|"Some of our most inattentive students were very much into it
A couple of our most squirmish boys followed the story quite nicely and compared the way the black players were treated with the way Mr. Booth treated Joe Joe."
Bette K. Harmon, BA, MS
Detroit Public Schools
"Thanks again for the great stories and characters in the "Joe Joe in the City" series. They are now a staple in every class I teach."
Nichelle Boyd-Robinson, Ph.D.
Assoc. Professor of Curriculum & Instruction
University of Mississppi
Elster blends personal, local, and national histories into a well-told narrative for readers of all ages. In addition to being a "great read," (Whos Jim Hines?) is an excellent resource for teaching about the city of Detroit during the 1930s."
Kristy Brugar, Ph.D.
Assistant Professor, Teacher Education, Social Studies
College of Education
Wayne State University
Lessons that Examine Family and Community Life within Whos Jim Hines? Language Arts Activities by Jean Ford Fuqua, BS, MEd
These language arts activities were crafted by a twenty-five year veteran of the Detroit Public Schools, elementary school teacher Jean Ford Fuqua, who was also an educator-director of teacher interns for the Wayne State University College of Education (currently retired from both positions). The lessons provide educators with the means to create language arts activities via an examination of the portrayal of family and community life in the middle grade novel Whos Jim Hines?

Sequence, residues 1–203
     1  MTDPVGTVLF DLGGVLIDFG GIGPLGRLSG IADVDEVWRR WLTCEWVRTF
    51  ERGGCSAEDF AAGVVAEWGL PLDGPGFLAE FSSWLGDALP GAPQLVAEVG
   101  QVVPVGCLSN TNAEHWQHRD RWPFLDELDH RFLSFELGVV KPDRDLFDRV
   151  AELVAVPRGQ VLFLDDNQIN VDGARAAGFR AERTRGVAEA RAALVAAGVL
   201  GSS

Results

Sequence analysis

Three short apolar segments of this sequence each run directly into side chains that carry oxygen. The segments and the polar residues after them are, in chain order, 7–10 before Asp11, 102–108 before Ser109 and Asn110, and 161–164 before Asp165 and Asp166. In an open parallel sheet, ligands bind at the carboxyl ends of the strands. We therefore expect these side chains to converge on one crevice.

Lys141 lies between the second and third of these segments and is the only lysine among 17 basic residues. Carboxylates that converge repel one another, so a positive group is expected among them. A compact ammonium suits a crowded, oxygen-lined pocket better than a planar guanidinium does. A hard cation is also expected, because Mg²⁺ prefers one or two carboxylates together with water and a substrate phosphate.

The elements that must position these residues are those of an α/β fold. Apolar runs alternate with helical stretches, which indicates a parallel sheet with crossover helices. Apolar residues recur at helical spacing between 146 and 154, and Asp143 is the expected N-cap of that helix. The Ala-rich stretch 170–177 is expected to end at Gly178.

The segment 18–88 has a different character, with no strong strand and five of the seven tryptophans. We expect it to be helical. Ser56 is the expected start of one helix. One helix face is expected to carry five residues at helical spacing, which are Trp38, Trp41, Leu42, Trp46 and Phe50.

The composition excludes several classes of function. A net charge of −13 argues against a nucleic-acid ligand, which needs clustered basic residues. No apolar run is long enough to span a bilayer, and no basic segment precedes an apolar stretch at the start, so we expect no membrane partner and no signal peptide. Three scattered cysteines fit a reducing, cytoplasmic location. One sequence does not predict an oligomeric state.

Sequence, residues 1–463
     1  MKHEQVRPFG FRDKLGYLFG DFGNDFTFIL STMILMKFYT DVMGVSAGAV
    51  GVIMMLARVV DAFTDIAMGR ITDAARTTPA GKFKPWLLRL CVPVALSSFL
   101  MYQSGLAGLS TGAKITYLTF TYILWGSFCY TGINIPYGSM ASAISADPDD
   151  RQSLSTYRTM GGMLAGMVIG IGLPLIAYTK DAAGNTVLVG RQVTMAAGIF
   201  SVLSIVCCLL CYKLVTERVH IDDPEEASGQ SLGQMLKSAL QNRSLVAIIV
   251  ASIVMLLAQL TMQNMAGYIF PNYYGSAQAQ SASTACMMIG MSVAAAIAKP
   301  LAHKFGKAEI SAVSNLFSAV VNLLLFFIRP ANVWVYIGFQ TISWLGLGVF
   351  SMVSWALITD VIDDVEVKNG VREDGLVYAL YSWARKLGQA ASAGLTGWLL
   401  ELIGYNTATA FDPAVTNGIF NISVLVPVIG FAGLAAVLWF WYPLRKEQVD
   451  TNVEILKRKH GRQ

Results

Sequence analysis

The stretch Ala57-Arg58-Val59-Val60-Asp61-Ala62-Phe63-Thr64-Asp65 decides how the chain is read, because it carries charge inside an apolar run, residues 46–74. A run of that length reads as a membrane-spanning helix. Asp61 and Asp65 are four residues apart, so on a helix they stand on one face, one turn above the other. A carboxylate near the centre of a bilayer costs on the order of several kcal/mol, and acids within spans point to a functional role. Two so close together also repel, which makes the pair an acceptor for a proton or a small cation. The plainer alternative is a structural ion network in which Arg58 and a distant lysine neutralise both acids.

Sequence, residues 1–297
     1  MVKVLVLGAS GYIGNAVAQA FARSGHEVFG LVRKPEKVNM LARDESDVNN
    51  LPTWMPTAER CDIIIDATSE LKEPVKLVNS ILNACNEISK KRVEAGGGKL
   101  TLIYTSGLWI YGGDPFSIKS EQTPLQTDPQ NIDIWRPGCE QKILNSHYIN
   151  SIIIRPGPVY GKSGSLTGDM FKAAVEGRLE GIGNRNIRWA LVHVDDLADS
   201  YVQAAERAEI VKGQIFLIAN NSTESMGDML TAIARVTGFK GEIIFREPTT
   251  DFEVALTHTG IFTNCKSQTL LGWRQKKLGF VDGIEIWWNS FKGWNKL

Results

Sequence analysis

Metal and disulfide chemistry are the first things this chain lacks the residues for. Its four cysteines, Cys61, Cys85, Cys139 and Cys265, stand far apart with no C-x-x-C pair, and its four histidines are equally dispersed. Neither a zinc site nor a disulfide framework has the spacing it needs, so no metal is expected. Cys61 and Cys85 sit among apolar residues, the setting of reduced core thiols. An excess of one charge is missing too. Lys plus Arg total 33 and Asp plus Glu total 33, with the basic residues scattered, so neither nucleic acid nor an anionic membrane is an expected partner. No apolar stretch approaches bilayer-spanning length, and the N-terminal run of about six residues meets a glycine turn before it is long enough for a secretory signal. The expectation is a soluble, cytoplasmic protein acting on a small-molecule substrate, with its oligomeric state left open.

The Joe Joe Series: A Culturally Responsive Resource by Nichelle C. Boyd and Kantaylieniere Hill-Clarke, Social Studies and the Young Learner 17 (2), pp. 23-27 (Copyright 2004 National Council for the Social Studies) Click Here. To find this article in a library near you, visit ERIC (Education Resources Information Center) at www.eric.ed.gov and search article #EJ720480. This article offers educators a means with which to use childrens literaturethrough an examination of the Joe Joe in the City seriesto great advantage in the social studies curriculum.
Build the Knowledge and They Will Understand: Making Social Studies Relevant to the Under-Resourced Child by Nichelle C. Boyd, Ed.D., All Children Can Learn: Effectively Educating the Under-Resourced Child by Williams-Black, Boyd, Key and Jones (Kendall Hunt Publishing Company 2009). For social studies-, reading/language arts-, science- and math-related classroom activities that embrace morals/values/character education utilizing the Joe Joe in the City series, see Appendix A: Lesson Plans that Bring Social Studies Topics to Life for Students, pp. 33 36. ISBN 978-0-7575-6593-9 http://www.kendallhunt.com/
Sponsored by the Verizon Foundation, Thinkfinity offers a wealth of free educational resources for teachers, librarians/media specialists, students, and parents. See the link to the Thinkfinity Literacy Network.
The website for The National Council of Teachers of English (NCTE) offers a wide range of reading and literacy resources not only for educators but for parents and students as well.
This link on the website for The National Council of Teachers of English offers a wealth of classroom-tested lesson plans for grades elementary through high school. http://www.ncte.org/lessons